All analyses were performed separately for commercially insured and Medicaid patients. We first described demographics, medical history, pain conditions, psychiatric comorbidities, health-care utilization and medication use. We used these data to calculate propensity scores predicting ER/LA opioid use during the active period as compared to the pre-implementation period. We excluded patients whose propensity scores fell outside of the area of overlap between the groups by trimming the propensity score range asymmetrically using the 2.5 percentile of the propensity score distribution in the active period as a lower bound and the 97.5 percentile of the propensity score distribution in the pre-implementation period as an upper bound. The standardized difference in the distribution of each covariate included in the propensity score was reviewed within each propensity score decile to ensure balance. Any covariate that had a standardized difference of greater than 0.25 between REMS periods in any of the deciles was considered as a potential covariate along with the propensity score decile in the Poisson regression model. For the commercially insured, covariates were balanced and only indicator variables for propensity score deciles were included in the final models. For the Medicaid population, the number of prior immediate release opioid dispensings and prior use of sleep medications remained unbalanced within propensity score deciles (ie, standardized difference >0.25), and these variables were included in the regression models.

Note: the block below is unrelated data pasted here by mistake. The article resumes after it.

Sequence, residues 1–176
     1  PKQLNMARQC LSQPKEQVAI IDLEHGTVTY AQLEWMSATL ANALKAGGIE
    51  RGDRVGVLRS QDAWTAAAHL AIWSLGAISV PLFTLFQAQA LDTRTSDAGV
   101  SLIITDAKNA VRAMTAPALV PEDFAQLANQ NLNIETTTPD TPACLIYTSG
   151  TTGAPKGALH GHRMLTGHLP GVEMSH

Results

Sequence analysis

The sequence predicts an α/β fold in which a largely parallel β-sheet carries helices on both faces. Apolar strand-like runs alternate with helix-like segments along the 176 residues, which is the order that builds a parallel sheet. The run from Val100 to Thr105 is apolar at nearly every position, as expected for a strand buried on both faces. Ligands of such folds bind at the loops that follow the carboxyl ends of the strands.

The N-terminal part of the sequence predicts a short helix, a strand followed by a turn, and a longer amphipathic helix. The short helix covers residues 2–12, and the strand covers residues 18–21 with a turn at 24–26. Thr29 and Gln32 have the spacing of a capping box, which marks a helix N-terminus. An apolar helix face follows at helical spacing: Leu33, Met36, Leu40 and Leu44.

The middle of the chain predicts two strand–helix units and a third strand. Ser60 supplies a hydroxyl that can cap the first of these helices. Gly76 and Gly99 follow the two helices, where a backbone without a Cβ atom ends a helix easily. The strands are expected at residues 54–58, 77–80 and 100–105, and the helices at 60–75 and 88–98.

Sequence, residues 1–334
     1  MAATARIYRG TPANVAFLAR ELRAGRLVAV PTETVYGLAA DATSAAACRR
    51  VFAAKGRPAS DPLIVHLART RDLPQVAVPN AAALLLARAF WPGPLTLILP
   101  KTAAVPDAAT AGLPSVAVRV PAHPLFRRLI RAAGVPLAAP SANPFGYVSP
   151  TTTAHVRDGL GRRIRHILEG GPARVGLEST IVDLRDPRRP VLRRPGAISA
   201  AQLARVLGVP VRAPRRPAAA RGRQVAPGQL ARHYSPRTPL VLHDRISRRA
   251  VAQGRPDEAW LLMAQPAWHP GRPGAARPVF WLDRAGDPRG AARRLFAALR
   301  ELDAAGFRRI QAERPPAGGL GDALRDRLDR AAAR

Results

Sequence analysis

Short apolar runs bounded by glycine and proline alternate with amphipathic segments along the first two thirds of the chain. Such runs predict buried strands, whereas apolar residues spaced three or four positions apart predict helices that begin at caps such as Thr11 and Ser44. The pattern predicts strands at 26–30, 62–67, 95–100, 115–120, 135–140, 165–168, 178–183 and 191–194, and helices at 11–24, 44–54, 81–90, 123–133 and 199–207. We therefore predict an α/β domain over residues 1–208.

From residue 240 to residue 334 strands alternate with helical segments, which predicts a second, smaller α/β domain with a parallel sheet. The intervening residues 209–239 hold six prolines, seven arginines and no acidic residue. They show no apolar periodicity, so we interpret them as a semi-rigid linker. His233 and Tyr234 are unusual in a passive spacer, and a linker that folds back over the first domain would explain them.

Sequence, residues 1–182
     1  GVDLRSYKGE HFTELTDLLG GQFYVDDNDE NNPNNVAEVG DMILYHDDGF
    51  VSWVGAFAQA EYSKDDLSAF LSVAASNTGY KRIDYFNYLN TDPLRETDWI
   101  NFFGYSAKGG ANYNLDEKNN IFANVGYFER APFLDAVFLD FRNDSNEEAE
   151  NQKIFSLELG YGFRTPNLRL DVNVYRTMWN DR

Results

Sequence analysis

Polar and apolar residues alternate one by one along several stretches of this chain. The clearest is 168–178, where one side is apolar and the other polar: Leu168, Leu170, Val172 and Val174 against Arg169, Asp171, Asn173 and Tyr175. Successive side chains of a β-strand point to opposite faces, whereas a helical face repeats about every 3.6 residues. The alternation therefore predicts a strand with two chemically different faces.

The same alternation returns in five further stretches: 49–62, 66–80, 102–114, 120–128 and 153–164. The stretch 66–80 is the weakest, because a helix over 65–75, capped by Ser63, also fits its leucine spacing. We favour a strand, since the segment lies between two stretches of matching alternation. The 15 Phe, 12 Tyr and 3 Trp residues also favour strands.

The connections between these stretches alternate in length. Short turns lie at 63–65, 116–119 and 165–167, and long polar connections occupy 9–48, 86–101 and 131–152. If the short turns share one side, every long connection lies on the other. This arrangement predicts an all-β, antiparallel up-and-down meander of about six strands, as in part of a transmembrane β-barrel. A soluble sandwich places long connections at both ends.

Within each REMS study period, we computed incidence rates as the number of opioid overdose events divided by the person time at risk, and for each rate, we computed an exact 95% confidence interval (CI). Rates were estimated during exposed person-time. For commercially insured patients, we also assessed rates for all users, new users and non-new users.

We presented the incidence rate ratios (IRRs) comparing the active period to the pre-implementation period, both crude and adjusted for propensity score deciles, using Poisson regression models with a generalized estimating equation correction to mitigate overdispersion (stemming from the statistical dependence introduced by having some of the same individuals appearing in both the active and the pre-implementation periods).

We performed all analyses using SAS® Enterprise Guide software version 9.4 (SAS Institute Inc., Cary, NC, USA).

This study was approved by the New England Institutional Review Board, which granted a waiver of the Health Insurance Portability and Accountability Act of 1996 (HIPAA) authorization under 45 CFR 164.512(i). The study was carried out in accordance with the principles of the Declaration of Helsinki and the International Society for Pharmacoepidemiology Guideline for Good Pharmacoepidemiology Practices.

Results